This week, as I write this, I was asked to celebrate Ada Lovelace Day by talking about online misinformation. It seems unfair to her; Lovelace was the first to imagine the power of software, but I don’t think even she was visionary enough to foresee its use to foment disagreement about basic facts.
My main goal was to compare the problem of online misinformation (we can’t use “fake news” anymore because of its reinvention as an all-purpose insult for high-quality media that offend certain people by pointing out the truth about them) to that of cybersecurity and to argue that it’s going to require just as broad and complex a response.
Cybersecurity has taken a while to catch up with the idea computer science isn’t enough. Partly, this is because it’s such a young field; most of today’s senior security practitioners got their start because they were (for example) the only person in their company at the time who had ever configured a firewall (or was willing to try). A sea change began about 20 years ago, when usability experts such as Angela Sasse began to approach the topic from the point of view of the user. That work also brought a new focus on economics; bad security policies cost an enormous amount in lost productivity and user frustration. Worse, bad policies induce workarounds and therefore new vulnerabilities.
From there, the importance of incentives became clear…and that paved the way for the many cross-disciplinary, multi-disciplinary, and trans-disciplinary efforts that now include experts from crime science, mathematics, social sciences, psychology, and philosophy. Something like this mix will be required to make an impact on misinformation.
One reason is that, as in cybersecurity, the sources of misinformation, their motives, and their resources are widely varied. Cyber attackers may be teenagers using pre-written scripts, criminals trying to drain random strangers’ bank accounts, or, if you are unlucky, a highly motivated, well-resourced, state-sponsored actor who can overwhelm your ability to protect yourself. Similarly, misinformation may be promulgated by teens in Macedonia or Montana wanting pocket money, by political actors seeking to manipulate voters, or by foreign actors seeking to destabilise another country by sowing division. The responses to these different scenarios must be appropriately tailored.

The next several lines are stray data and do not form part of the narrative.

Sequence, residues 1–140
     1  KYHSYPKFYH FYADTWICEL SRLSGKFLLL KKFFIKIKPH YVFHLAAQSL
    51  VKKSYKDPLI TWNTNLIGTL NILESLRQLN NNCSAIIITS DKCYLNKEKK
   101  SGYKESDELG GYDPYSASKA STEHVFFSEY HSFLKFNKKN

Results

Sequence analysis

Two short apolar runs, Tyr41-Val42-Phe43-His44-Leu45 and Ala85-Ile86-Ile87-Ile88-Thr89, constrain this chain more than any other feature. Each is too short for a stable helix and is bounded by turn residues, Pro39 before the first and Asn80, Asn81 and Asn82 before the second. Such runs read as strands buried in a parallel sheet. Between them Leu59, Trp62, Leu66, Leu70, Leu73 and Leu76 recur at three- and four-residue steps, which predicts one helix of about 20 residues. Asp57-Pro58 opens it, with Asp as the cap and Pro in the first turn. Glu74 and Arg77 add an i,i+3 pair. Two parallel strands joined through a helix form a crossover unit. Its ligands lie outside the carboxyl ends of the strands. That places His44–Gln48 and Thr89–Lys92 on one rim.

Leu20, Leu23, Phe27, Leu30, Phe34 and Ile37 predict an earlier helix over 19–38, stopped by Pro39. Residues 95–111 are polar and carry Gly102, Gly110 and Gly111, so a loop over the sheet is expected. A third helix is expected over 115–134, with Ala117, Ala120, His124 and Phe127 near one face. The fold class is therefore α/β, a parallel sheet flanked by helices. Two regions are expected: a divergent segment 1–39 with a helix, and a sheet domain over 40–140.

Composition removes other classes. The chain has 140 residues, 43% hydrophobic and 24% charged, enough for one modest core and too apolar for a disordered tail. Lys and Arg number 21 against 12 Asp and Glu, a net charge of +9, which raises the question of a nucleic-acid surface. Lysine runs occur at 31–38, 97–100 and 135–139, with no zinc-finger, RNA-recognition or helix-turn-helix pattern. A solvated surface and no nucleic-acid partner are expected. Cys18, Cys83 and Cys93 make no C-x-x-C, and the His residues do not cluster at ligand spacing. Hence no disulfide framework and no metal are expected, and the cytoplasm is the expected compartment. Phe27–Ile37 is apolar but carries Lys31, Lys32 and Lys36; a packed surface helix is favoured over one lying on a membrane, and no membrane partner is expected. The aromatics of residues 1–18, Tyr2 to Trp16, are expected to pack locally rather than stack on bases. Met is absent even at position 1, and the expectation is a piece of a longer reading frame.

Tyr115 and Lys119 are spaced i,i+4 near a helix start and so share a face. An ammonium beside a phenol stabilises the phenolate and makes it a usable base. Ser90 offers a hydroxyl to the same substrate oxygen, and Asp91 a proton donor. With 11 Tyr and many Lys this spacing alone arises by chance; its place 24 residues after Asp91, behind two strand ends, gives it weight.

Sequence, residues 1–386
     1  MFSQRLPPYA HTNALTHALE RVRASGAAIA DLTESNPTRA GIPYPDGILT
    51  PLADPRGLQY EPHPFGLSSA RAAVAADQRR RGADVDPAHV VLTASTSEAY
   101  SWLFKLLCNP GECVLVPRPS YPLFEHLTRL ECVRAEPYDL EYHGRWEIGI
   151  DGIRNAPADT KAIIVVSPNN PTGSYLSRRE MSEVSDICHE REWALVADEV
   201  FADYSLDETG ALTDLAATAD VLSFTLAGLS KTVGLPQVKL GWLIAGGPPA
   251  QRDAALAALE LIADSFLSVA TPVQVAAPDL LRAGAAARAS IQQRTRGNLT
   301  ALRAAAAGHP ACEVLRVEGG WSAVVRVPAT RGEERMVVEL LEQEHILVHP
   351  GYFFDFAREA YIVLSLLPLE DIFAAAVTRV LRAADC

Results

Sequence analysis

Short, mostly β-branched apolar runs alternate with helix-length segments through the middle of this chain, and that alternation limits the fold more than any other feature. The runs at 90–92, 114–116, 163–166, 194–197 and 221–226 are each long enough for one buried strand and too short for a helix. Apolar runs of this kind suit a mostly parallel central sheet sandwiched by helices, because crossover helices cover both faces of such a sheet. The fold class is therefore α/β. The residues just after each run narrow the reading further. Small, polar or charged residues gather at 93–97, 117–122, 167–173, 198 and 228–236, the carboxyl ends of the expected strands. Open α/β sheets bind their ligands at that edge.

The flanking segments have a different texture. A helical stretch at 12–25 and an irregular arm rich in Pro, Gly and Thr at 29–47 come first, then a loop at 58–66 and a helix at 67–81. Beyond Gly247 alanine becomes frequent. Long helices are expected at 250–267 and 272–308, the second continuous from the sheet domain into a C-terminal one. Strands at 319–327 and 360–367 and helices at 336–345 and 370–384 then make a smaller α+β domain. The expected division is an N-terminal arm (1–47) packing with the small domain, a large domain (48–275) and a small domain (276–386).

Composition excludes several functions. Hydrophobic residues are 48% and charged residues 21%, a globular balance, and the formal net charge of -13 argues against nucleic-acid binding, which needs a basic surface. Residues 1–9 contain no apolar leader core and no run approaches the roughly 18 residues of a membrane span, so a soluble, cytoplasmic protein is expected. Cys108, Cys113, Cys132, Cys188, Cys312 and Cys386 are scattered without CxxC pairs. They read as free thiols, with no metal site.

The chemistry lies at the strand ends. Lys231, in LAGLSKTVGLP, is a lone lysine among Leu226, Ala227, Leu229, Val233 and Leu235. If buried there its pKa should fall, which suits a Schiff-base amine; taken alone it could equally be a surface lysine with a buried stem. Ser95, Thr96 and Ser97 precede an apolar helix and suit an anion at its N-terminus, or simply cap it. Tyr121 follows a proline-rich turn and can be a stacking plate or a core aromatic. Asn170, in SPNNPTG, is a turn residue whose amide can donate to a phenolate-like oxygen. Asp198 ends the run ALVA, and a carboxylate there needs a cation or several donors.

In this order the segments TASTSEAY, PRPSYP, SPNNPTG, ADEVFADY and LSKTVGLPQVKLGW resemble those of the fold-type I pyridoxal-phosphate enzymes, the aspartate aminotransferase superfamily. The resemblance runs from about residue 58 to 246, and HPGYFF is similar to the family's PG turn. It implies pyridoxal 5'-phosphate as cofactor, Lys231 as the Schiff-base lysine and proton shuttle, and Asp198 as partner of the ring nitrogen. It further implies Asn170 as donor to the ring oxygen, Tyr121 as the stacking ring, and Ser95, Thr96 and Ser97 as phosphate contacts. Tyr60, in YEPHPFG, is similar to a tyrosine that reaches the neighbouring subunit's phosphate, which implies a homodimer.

Journalists tend to view all this narrowly and suggest that fact-checking is the solution. Fact-checking is important, particularly when the source of the misinformation is PR people or politicians who are straight-out lying to serve their own interests. We have been remarkably tolerant of institutionalised lying through PR for decades; see, for example the 1997 book by John Stauber and Sheldon Rampton, Toxic Sludge Is Good for You. But fact-checking is, as the last five years have shown, utterly inadequate to deal with high-profile politicians and others who do not care whether what they say is true as long as it gets them attention and are happy to frame experts as enemies.
The resulting widespread distrust eventually becomes widespread damage. And that’s where we are now; as a Liverpudlian told BBC’s Newsnight in mid-October regarding lockdowns, they don’t trust government in general to have their best interests at heart, and they certainly don’t trust this one. In another example, if you’ve been listening to US president Donald Trump talk big about how he was pushing vaccines through to production as fast as possible, telling a questioning pollster that you aren’t sure you’ll take a vaccine against coronavirus is entirely rational; it’s no longer a sign that you’re an anti-vaxxer spreading distrust against something with a long track record of safety.
In this distrustful environment, skeptics will have to change, too. The Skeptic‘s new editor is Mike Marshall, well-known for his indefatigable activism. He co-founded the Merseyside Skeptics, led the 10:23 anti-homeopathy campaign, and created the QED annual conference. He is also executive director of the Good Thinking Society, where he’s looked into things like the money crowdsourcing pours each year into dubious alternative cancer treatments. Marshall believes the new wave for skepticism is conspiracy theories. In this view, the 1980s and 1990s (I founded the magazine in 1987), were classical skepticism, debunking and examining the New Age clutch of beliefs, many of which were reinventions of old beliefs long discredited by science, such as astrology, ghosts, and so on. The second wave, starting in the late 1990s, when I ran the magazine again for a couple of years, moved into contested science. At the time, that included climate change, but I also recall disputes over whether mobile phones caused brain cancer, and so on. Now, the influence of the internet is pulling together stray fragments of paranoia so we get the emerging 5G standard for mobile telephony somehow fused with the coronavirus, with George Soros and Bill Gates cast as evil masterminds despite their enormous philanthropic efforts.
Skepticism has always been a difficult sell, because what we are generally offering is the willingness to live with uncertainty. At a time when uncertainty is everywhere, it may be even harder to agree on which path leads to reason.